Honors | Monks, Nuns, & Medieval Art (HON)
H235 | 29007 | Diane Reilly
Since the foundation of the Christian Church, when men and women
first sought to live apart from popular society and devote their
lives entirely to religion, monks and nuns have influenced heavily
the development of Medieval art and architecture. Early monks and
nuns lived as hermits in the mountains, forests and deserts. From
the second or third centuries C.E., however, they gathered together
to live communally in organized monasteries. Like their
predecessors, the hermits, these later monks and nuns claimed to
live in abject poverty, but although they owned no personal
possessions they often lived in communal splendor inside wealthy and
well-decorated houses. Supplied with lavish churches, gleaming
metalwork, sumptuous tapestries and vestments and colorful
manuscripts, monasteries became the treasure houses of Europe and
the targets of condemnation, arson and looting.
This course will explore the phenomenon of Christian monasticism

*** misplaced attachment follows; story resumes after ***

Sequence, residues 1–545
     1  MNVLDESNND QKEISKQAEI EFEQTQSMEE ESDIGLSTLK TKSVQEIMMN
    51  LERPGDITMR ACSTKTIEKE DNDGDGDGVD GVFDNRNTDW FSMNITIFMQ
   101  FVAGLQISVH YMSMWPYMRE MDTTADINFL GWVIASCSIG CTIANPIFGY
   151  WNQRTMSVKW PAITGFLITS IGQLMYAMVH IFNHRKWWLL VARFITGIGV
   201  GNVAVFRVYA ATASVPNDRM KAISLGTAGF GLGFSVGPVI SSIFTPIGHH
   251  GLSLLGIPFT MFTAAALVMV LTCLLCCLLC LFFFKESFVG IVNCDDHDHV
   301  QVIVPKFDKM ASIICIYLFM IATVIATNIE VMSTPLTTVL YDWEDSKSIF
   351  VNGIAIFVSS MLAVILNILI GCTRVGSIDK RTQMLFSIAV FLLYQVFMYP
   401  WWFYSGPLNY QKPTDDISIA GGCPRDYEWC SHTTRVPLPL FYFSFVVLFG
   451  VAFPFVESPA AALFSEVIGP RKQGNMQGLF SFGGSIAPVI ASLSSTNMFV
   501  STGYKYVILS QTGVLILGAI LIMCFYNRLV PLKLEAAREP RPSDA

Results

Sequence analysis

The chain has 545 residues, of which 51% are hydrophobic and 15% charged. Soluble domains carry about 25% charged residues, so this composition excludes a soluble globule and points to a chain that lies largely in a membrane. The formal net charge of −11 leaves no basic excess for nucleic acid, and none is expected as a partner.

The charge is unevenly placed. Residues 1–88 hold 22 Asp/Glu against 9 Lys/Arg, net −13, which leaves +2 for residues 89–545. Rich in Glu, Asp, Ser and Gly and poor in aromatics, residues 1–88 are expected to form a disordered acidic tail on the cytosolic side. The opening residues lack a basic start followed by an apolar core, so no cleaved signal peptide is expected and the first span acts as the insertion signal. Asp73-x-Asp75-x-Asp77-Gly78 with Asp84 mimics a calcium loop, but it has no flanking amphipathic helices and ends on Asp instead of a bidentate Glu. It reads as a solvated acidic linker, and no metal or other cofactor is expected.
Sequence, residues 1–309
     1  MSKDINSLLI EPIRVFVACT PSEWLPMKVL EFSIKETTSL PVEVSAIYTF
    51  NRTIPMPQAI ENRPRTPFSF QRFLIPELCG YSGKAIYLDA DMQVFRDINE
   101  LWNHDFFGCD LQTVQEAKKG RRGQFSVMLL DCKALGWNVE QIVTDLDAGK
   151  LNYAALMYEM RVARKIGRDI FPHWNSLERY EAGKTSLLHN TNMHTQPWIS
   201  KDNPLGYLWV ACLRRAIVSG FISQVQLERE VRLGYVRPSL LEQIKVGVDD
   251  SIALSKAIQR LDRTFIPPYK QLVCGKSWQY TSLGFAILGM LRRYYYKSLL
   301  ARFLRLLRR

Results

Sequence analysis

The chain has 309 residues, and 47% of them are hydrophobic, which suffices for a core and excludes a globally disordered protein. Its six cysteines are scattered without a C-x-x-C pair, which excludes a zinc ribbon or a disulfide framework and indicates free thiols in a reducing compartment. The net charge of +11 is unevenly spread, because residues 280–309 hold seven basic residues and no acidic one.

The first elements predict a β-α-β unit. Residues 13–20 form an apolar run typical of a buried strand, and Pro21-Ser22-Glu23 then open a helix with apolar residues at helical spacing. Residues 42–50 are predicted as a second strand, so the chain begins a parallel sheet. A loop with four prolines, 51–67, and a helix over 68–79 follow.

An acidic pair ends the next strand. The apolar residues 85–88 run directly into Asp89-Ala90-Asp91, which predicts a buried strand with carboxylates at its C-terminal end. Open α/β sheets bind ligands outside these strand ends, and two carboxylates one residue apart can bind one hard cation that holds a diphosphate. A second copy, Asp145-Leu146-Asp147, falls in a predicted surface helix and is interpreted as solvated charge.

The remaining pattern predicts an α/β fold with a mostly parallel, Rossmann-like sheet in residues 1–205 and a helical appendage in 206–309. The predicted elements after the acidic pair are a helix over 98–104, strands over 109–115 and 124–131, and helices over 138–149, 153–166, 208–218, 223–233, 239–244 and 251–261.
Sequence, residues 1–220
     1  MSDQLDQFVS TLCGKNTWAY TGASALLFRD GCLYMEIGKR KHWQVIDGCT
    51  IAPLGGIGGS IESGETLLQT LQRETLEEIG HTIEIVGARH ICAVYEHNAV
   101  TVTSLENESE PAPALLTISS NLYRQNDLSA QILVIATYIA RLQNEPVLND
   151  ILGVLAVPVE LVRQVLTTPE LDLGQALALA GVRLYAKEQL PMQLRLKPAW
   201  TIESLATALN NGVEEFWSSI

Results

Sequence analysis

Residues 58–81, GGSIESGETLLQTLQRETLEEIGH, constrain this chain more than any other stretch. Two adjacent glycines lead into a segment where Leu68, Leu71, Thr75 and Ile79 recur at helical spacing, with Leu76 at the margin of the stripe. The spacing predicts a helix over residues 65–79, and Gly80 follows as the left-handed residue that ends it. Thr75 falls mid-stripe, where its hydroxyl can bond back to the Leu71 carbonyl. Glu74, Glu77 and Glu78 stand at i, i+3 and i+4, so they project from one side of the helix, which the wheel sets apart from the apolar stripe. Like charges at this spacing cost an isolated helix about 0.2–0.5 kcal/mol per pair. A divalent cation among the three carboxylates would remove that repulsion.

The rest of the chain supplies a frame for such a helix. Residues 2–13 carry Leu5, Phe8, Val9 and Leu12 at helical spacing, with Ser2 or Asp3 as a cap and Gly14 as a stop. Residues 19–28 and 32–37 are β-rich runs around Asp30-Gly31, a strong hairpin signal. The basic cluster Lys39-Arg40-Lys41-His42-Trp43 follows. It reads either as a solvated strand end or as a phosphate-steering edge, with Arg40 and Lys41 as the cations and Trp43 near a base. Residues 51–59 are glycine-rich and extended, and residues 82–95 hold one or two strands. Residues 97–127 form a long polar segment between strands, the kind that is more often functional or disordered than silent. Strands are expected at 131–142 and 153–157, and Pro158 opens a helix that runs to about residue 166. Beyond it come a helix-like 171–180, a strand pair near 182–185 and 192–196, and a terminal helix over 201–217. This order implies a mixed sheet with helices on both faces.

from its earliest beginnings immediately after the death of Jesus
through the modern era, concentrating especially on the pinnacle of
the monasticism, the Middle Ages. We will read monastic rules in
translation to understand the lifestyle of the monks and nuns,
examine their artworks, including manuscripts in the Lilly library
and objects in the Indiana University Art Museum.
Readings will be available from the Friends of Art Bookstore, on the
E-reserves system and Oncourse. Images for thecourse will be
accessed through Oncourse.
The final grade of the course will be calculated based on a total of
points earned out of 100, with the distribution of points among
various course assignments (reviews, slide test, in class
activities, presentation and paper) decided in consultation with
students at the beginning of the term.